3. Tech Needs Girls (Ghana)
Soronko Solutions the main organizers of the event is a software development powerhouse and a social enterprise dedicated to developing the next generation of innovators and problem solvers in the field of Science, Technology, Engineering and Mathematics (STEM) for rural Ghanaian children.

4. Asikana Network ( Zambia)
Asikana Network is an organisation that seeks to empower women and girls through technology

5. Women in Technology Uganda (WITUG)
The WITUG aims to support women’s local capacity building and skills development in Technology and Business in Uganda through training, mentor-ship, networking and knowledge sharing in order to drive economic and sustainable development

6. STEMBees (Ghana)
STEMbees is a non-profit organisation founded by software entrepreneurs and MEST 2014 alumnae, Angela Koranteng and Linda Ansong in response to the tremendous gender gap prevalent in Science, Technology, Engineering and Mathematics (STEM) fields. STEMbees seeks to encourage and mentor more young African women to pursue their dreams and careers in STEM.

7. The Women Technology Empowerment Center (Nigeria) 
The Women’s Technology Empowerment Centre, W.TEC, is a Nigerian non-governmental organisation working to empower girls and women socially and economically, using information and communication technologies (ICTs).

8. The African Centre for Women, Information and Communications Technology (ACWICT) – Kenya
Their mission is To promote women’s access to and knowledge of ICT as tools for social, economic, and political advancement. ACWICT achieves this by advocating for gender-responsive ICT policies, laws, and regulations; building ICT skills and capacity of women and women’s organizations; creating networks for knowledge and information sharing; generating and disseminating knowledge through research and awareness activities; and connecting beneficiaries of ICTs to other resources; linking private sector to the development arena; and linking women beneficiaries of ICT4D to fiscal and technical resources.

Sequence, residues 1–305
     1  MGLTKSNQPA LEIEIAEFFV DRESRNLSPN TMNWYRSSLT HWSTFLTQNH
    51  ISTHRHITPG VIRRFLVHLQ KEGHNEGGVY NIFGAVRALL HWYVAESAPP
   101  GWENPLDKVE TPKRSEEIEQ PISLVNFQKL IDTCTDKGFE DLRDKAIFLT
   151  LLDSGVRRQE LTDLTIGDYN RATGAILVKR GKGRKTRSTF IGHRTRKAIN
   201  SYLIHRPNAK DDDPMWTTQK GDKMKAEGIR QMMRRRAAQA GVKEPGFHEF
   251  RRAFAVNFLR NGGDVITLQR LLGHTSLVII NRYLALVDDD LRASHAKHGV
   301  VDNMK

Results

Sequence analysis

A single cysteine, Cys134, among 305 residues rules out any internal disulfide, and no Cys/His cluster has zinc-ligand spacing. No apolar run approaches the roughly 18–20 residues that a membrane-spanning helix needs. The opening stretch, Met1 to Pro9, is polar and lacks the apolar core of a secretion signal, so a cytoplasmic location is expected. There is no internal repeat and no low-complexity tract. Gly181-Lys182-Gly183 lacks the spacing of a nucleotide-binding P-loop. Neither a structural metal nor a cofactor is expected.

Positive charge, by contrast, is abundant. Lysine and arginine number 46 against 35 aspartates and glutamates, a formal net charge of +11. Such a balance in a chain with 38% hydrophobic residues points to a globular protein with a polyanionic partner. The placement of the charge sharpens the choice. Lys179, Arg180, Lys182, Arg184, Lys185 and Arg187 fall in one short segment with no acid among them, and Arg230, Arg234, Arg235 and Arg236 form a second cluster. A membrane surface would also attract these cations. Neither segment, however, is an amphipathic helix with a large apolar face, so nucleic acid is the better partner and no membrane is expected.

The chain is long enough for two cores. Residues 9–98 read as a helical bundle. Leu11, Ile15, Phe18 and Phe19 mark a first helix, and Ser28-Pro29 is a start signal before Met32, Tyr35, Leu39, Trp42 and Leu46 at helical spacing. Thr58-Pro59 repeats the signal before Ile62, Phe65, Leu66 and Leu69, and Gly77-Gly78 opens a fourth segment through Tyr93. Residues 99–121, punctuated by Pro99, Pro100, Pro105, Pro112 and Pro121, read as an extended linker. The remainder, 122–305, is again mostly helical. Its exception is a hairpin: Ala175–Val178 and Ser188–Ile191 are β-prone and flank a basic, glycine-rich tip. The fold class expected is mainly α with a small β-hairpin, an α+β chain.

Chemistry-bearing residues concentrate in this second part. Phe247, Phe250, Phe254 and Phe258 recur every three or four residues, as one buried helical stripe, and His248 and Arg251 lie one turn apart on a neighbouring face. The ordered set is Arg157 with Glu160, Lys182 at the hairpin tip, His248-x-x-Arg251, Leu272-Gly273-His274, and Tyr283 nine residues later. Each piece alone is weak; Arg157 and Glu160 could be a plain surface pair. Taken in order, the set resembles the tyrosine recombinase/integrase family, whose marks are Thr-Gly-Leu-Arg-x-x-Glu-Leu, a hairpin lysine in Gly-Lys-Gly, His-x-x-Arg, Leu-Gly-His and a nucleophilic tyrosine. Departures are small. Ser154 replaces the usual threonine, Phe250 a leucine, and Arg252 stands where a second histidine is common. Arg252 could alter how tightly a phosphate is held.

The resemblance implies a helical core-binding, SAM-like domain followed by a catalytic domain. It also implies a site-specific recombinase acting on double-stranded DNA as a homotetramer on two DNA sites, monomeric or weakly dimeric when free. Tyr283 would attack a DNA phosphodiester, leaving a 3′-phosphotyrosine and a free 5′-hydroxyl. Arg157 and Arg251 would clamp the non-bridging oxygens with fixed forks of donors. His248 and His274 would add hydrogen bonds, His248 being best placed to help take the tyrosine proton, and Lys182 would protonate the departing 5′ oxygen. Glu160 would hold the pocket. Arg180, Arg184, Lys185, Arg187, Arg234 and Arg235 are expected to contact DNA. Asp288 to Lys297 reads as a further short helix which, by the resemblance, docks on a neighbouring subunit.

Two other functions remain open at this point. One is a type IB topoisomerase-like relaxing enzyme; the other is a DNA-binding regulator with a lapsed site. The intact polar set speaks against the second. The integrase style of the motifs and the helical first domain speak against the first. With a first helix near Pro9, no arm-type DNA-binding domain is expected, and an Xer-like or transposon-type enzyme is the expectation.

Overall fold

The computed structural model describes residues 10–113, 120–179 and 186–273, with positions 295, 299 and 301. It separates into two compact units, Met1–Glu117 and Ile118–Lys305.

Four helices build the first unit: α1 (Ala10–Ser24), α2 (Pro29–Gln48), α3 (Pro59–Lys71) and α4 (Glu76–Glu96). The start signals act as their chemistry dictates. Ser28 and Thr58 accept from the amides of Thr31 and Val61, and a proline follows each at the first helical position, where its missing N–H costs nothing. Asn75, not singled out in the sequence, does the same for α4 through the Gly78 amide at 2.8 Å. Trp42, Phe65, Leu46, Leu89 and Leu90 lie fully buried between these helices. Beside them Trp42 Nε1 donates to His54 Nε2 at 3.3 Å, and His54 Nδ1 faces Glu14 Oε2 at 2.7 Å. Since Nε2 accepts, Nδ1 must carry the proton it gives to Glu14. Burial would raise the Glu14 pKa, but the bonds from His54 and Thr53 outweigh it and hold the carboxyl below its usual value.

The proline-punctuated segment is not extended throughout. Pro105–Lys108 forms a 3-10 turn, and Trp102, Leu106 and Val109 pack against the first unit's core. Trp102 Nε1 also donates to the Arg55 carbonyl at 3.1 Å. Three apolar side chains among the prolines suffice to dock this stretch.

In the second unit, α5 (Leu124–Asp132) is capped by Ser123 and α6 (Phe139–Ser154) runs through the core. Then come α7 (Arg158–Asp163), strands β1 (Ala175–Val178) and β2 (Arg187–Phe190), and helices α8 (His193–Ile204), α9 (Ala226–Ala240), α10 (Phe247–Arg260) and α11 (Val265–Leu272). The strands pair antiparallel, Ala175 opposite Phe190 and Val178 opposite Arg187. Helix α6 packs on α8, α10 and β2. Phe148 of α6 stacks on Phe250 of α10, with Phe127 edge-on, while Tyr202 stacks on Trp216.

9. Women who Mentor & Innovate in Africa -WMIAfrica (Kenya)
WMIAfrica, is an online platform (in development) that seeks to mitigate the lack of access to information, role models and skills facing young women interested in pursuing Science, Technology , Engineering and Mathematics studies and careers. WMIAfrica provides a platform for virtual & physical mentoship for girls and young women interested in STEM by professional Women Mentors working in STEM fields.

10. STEM Africa
STEMAfrica was founded with the aim of making a key contribution to the alleviation of poverty in Africa through the application of Science Technology Engineering and Math. (STEM). The organisation aims to make a difference by influencing young people to focus on Science, Technology, Engineering and Math. STEMAfrica has a vision to make business and society leaders out of STEM professionals. STEMAfrica also runs programs specifically for girls and young women.

Worthy mention